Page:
# Solutions of Yang-Mills equation in the case of $G=U_1$

If $$P\to M$$ is a principal $$U_1$$-bundle, and $$A$$ is a connection on $$P$$, then it's curvature $$F_A$$ is a $$2$$-form with coeficient in $$P\times_G\mathfrak{u}_1$$, where $$\mathfrak{u}_1$$ is the Lie algebras of $$U_1$$.

In what I have learnt, I can write Yang-Mills equations as $$\begin{cases} \mathrm{d}_AF_A=0\\ \mathrm{d}_A^*F_A=0 \end{cases}$$

An exercise ask me to show that the curvature of $$A$$ can be identified as an element of $$\Omega_M^2$$, that is, without coefficient. Does that mean what I need to show is that $$P\times_G\mathfrak{u}_1$$ is a trivial bundle $$M\times\Bbb{C}$$? But how can I show this?

Furthermore, it let me show that $$A$$ is a Yang-Mills connection if and only if $$F_A$$ is a harmonic form, it's clear from Yang-Mills equation we have $$\Delta F_A=\mathrm{d}\mathrm{d}^*F_A+\mathrm{d}^*\mathrm{d}F_A=\mathrm{d}0+\mathrm{d}^*0=0$$ But how does converse hold? Thanks in advance for anyone's help!

The curvature form $$F_A$$ takes values in the bundle $$\text{Ad}(P)= P\times_{G,\text{Ad}}\mathfrak g$$. But here $$G=\text U(1)$$ is abelian, so the Adjoint action on $$\mathfrak u(1)$$ is trivial, and hence $$\text{Ad}(P)$$ is trivial because all the transition functions $$\text{Ad}(g_{ij})$$ are trivial. $$\text{Ad}(P) \cong M\times \mathfrak u(1) = M \times i\mathbb R \quad \text{(or just M\times \mathbb R)}$$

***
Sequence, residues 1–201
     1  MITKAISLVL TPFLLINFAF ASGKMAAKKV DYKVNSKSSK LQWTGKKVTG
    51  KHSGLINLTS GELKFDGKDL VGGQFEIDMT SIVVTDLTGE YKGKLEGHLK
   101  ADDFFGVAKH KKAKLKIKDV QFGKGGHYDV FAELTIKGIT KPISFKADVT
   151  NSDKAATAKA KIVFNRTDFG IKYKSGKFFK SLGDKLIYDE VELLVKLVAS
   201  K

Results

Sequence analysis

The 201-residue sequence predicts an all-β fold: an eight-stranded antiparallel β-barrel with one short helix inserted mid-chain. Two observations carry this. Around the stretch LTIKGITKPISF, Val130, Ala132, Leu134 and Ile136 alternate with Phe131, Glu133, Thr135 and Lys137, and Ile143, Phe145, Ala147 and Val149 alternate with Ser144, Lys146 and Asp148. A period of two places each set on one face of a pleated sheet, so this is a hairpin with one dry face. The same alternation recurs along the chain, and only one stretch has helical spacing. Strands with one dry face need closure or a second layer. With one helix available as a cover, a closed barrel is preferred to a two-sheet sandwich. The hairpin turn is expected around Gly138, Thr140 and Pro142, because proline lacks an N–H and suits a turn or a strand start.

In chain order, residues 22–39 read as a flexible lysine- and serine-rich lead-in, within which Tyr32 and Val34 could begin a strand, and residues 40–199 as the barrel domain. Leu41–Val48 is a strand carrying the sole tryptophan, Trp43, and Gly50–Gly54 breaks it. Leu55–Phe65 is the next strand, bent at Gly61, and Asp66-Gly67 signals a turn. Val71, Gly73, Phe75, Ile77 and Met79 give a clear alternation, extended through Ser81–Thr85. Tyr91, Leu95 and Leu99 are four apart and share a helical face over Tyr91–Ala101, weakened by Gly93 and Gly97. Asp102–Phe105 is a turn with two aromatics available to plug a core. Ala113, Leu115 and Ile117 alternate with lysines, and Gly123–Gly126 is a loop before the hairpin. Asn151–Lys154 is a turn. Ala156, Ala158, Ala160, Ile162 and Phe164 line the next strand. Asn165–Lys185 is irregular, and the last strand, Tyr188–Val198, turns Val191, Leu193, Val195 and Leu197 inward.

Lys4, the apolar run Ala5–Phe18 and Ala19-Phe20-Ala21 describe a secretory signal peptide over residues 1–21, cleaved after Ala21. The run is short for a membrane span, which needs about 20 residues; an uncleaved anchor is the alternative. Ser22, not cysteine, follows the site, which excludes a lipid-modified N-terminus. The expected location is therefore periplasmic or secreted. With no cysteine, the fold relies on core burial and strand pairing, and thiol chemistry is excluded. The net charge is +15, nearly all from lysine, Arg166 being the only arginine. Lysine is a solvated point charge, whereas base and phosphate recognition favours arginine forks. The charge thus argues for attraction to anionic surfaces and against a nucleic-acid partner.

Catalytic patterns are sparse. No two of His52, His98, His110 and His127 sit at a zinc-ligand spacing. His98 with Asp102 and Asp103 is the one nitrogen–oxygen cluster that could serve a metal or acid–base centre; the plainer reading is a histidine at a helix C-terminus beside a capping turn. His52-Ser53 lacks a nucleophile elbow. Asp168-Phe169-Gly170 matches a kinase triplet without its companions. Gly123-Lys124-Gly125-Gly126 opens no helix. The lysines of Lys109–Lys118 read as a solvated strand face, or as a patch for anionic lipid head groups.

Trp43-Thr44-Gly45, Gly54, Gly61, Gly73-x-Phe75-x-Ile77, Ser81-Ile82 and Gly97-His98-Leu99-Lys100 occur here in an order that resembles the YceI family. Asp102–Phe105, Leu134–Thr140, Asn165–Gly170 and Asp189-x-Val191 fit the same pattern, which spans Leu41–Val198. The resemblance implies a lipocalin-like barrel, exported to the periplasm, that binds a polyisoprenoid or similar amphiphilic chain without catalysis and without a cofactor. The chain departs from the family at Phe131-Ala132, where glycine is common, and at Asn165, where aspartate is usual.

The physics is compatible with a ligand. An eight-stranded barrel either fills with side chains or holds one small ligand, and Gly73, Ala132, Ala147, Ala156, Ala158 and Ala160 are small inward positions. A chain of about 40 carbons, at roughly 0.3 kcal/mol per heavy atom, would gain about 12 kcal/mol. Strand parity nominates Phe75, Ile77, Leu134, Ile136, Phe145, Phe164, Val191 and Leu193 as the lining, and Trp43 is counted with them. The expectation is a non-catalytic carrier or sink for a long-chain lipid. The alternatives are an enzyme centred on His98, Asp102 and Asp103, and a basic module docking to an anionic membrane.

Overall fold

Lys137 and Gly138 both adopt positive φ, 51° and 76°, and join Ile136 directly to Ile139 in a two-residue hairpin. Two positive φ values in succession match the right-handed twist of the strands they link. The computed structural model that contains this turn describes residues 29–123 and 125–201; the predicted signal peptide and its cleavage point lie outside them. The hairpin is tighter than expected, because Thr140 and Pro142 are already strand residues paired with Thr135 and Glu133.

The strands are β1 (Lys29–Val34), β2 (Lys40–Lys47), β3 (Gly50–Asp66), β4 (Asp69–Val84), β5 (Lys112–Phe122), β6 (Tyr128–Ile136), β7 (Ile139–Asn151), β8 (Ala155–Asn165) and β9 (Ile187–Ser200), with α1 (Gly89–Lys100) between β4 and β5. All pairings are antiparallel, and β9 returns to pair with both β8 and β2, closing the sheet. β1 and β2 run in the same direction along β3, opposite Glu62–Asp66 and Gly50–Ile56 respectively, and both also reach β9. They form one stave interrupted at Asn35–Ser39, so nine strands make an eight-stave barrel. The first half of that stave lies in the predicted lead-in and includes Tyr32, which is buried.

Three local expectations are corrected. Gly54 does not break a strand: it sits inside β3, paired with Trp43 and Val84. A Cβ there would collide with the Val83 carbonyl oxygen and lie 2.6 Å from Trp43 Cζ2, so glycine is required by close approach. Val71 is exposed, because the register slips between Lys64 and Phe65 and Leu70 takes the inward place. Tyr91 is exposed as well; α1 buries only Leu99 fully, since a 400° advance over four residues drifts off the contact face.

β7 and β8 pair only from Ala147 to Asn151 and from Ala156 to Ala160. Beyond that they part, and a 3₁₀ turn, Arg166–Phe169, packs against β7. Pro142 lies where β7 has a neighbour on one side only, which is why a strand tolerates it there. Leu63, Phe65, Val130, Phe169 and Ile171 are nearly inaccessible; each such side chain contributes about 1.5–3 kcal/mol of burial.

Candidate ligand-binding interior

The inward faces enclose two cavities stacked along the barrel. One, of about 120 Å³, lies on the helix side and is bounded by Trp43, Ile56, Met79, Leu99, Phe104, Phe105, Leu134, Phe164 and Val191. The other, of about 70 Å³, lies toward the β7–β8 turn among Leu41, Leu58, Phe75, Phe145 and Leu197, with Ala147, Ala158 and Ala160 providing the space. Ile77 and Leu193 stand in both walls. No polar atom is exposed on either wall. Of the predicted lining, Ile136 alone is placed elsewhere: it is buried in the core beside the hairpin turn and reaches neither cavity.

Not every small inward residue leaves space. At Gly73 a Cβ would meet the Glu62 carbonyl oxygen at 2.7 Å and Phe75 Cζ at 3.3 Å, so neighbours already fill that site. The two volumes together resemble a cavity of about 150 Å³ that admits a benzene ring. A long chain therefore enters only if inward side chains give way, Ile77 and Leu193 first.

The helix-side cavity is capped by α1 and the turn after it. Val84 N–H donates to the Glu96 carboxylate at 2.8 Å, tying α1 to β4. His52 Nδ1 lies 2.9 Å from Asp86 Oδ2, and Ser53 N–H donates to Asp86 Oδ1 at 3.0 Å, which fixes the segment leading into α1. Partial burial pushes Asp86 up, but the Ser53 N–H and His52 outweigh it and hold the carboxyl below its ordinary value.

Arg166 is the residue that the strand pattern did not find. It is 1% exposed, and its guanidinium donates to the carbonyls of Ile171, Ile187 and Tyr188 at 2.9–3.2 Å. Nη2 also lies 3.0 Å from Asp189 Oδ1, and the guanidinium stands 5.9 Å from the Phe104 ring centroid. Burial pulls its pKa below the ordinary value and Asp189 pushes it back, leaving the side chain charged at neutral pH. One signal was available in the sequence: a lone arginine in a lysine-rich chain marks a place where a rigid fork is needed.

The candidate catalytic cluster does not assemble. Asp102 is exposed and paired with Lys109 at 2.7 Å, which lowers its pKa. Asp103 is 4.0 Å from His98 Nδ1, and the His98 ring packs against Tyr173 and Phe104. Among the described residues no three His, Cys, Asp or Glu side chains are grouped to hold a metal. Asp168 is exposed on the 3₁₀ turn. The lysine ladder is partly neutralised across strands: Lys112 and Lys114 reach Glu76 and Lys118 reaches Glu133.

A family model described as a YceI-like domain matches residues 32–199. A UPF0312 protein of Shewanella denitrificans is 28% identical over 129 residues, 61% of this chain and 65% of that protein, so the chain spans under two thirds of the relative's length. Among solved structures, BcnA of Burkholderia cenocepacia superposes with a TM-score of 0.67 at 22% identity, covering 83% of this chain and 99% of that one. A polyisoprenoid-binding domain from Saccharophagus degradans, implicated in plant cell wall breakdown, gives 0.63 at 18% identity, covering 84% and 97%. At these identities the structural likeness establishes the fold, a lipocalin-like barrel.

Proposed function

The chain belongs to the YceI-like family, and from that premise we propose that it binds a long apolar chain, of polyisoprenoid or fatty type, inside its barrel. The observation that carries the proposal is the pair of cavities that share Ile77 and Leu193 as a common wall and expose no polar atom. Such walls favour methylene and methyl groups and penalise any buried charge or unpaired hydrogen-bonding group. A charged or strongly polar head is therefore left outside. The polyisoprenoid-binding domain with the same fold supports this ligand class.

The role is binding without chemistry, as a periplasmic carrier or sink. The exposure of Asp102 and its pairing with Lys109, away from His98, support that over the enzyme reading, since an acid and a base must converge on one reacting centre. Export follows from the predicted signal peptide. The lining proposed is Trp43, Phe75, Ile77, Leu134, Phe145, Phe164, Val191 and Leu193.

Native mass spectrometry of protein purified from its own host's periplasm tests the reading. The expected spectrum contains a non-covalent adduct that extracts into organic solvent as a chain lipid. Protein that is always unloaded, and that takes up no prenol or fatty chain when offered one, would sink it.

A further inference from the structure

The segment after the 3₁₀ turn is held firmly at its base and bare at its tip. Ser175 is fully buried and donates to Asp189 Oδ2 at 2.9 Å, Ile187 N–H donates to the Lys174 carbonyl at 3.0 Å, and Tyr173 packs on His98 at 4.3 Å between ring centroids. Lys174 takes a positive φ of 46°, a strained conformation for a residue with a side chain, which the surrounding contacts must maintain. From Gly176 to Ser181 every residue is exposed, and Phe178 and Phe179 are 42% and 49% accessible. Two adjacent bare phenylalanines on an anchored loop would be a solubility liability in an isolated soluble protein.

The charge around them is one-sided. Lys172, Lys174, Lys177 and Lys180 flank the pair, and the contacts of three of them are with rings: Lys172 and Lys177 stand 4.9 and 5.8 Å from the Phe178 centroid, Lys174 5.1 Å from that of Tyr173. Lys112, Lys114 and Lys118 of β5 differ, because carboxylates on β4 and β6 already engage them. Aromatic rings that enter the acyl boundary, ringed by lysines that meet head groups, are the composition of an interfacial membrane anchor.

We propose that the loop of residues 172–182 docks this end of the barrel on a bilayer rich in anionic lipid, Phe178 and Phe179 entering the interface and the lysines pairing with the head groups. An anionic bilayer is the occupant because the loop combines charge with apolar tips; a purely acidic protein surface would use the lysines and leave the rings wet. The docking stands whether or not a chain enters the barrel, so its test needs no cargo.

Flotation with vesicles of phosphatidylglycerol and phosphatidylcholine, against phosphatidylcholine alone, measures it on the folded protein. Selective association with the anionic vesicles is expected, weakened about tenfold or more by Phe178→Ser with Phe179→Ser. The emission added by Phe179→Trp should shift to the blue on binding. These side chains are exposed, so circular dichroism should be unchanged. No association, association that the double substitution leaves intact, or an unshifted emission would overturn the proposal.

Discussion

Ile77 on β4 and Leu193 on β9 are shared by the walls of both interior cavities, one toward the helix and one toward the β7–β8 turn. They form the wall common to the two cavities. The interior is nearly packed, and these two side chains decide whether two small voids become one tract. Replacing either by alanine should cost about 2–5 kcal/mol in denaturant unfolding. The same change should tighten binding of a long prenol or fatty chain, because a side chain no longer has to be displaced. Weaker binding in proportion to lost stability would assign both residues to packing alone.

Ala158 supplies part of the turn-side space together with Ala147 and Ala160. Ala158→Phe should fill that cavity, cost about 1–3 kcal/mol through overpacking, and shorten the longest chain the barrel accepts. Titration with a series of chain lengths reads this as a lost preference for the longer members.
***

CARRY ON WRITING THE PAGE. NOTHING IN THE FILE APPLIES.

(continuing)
The Bianchi identity ($$\mathrm d_A F_A = 0$$, which is always true) and the Yang-Mills equation both involve the operator $$\mathrm d_A: \Omega^*(M,\text{Ad}(P))\to\Omega^{*+1}(M,\text{Ad}(P))$$ which satisfies a formula which can be succinctly written down as: $$\mathrm d_A = \mathrm d + \text{ad}_A = \mathrm d + [A\wedge \cdot \, ]$$ but again the $$\text{ad}$$ action is trivial. So $$\mathrm d_A$$ just reduces to $$\mathrm d$$ (on $$M$$) here. (Some details are swept under the rug here, but it does work out!)
The second thing is from Hodge theory. For a harmonic form $$\omega\in \Omega^*(M)$$, $$~\Delta \omega = 0$$, we have \begin{align} 0 &= \int_M \langle \Delta \omega, \omega \rangle ~\mathrm dx \\ &= \int_M \langle \mathrm d \mathrm d^* \omega,\omega\rangle + \langle \mathrm d^* \mathrm d \omega, \omega \rangle ~\mathrm dx \\ &= \int_M |\mathrm d^* \omega|^2 + |\mathrm d \omega|^2 ~\mathrm dx \\ \end{align} implies that $$\mathrm d^*\omega = \mathrm d \omega = 0$$.